UPDATED with HFPA statement, 1, 52 PM: The Hollywood Foreign Press Associated has issued an official statement about to today’s GQ story in which Brendan Fraser said the group considered his 2003 groping by its then-president Philip Berk to be “a joke” and that it refused to show him its report on an internal investigation on the incident.
“The HFPA continues to stand firmly against sexual harassment. As such, we have always taken Brendan Fraser’s allegations very seriously—both when he originally spoke out in 2003 and now again 15 years later. Back then, after an initial inquiry, we provided Mr. Fraser with the exact redress he sought—an acknowledgement of the transgression and an apology. Mr. Fraser continued to attend HFPA events including the Golden Globes. When Mr. Fraser raised the allegations again this year in the March issue of GQ, adding several previously unknown details, we conducted an internal review and then took it upon ourselves to commission an independent investigation into the matter to ensure impartiality. We’ve shared the results of that investigation with Mr. Fraser, and again apologized, but also conveyed our need to abide by the investigation’s finding that the exchange was not an intended sexual advance. We want to reiterate that the HFPA understands today—as it did 15 years ago—that what Mr. Fraser experienced was inappropriate.”
PREVIOUSLY, 9:15 AM: In a February GQ profile, Brendan Fraser said he was groped by then-HFPA president Philip Berk in 2003. In a follow-up story posted today, he told the magazine that the organization completed an internal investigation and proposed that the parties issue a joint statement that said, “Although it was concluded that Mr. Berk inappropriately touched Mr. Fraser, the evidence supports that it was intended to be taken as a joke and not as a sexual advance.”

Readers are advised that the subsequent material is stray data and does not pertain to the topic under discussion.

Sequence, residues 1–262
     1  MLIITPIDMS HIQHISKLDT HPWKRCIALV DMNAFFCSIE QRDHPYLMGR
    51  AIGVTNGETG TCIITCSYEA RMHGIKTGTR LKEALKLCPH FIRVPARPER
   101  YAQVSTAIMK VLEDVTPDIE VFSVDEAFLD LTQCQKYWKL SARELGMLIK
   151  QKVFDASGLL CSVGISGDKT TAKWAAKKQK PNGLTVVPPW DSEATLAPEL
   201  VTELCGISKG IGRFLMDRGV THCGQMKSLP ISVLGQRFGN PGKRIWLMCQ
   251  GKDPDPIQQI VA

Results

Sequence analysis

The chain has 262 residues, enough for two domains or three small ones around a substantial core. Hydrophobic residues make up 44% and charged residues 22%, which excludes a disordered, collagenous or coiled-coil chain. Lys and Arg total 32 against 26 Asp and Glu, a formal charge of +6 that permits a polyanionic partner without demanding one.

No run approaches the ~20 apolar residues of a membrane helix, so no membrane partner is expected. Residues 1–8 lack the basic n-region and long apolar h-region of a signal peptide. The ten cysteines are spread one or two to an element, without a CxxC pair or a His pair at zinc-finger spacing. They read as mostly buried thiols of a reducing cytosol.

The actor declined, and he told the magazine in today’s piece that he felt violated — joke or no joke.
Fraser says asked to see the HFPA report on the investigation but only was shown a summary of it. The group cited concerns about witness-confidentiality.
“What I said to them was, ‘Show me the investigator’s report, and then I’ll know what I’m signing off on,’” the actor told GQ.
Fraser added: “They’re kind of behaving like wolves in sheep’s clothing about it, saying, ‘Oh, we want him to heal.’ Well, the first step in that direction would be: What am I healing from? Can I please see this report? What is it?”
And when GQ contacted Berk about whether he remains an HFPA member and Golden Globe voter, he wrote back, “Yes, I certainly am.” He said he wasn’t shown the report on the investigation’s findings either but was told “the statement would absolve me of any wrongdoing.” Was he disciplined over the matter? “Not at all,” he told the magazine.
The actor also told GQ that he has had time to reflect in the months since his #MeToo moment went public. “If I was a woman, I question if Berk would’ve even been in a job in 2003.”
He also said he regrets not talking about the incident when it happened. “It’s about being stripped of your identity, and of a power play being pulled to tamp it down, and being sort of backhandedly complicit in it by keeping quiet, entering into an agreement that you won’t talk,” he told GQ.
A rep for the HFPA, which elected new board members this week, did not immediately respond to Deadline’s request for comment.
After the original GQ article published in February, the HFPA responded with this statement:
“The HFPA stands firmly against sexual harassment and the type of behavior described in this article. Over the years we’ve continued a positive working relationship with Brendan, which includes announcing Golden Globe nominees, attending the ceremony and participating in press conferences. This report includes alleged information that the HFPA was previously unaware of and at this time we are investigating further details surrounding the incident.”